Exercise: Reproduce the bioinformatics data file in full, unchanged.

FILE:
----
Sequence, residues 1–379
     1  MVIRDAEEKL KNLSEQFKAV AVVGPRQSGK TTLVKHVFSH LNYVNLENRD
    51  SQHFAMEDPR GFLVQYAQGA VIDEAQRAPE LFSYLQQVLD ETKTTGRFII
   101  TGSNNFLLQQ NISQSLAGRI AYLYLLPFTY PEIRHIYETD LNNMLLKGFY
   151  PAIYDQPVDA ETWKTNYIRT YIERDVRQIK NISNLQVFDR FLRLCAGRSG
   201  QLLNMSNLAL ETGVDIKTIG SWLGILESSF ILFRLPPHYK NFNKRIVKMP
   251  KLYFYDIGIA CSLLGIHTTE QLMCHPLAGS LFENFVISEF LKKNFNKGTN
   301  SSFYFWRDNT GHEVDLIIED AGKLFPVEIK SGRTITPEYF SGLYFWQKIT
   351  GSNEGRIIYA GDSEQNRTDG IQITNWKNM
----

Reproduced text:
Sequence, residues 1–379
     1  MVIRDAEEKL KNLSEQFKAV AVVGPRQSGK TTLVKHVFSH LNYVNLENRD
    51  SQHFAMEDPR GFLVQYAQGA VIDEAQRAPE LFSYLQQVLD ETKTTGRFII
   101  TGSNNFLLQQ NISQSLAGRI AYLYLLPFTY PEIRHIYETD LNNMLLKGFY
   151  PAIYDQPVDA ETWKTNYIRT YIERDVRQIK NISNLQVFDR FLRLCAGRSG
   201  QLLNMSNLAL ETGVDIKTIG SWLGILESSF ILFRLPPHYK NFNKRIVKMP
   251  KLYFYDIGIA CSLLGIHTTE QLMCHPLAGS LFENFVISEF LKKNFNKGTN
   301  SSFYFWRDNT GHEVDLIIED AGKLFPVEIK SGRTITPEYF SGLYFWQKIT
   351  GSNEGRIIYA GDSEQNRTDG IQITNWKNM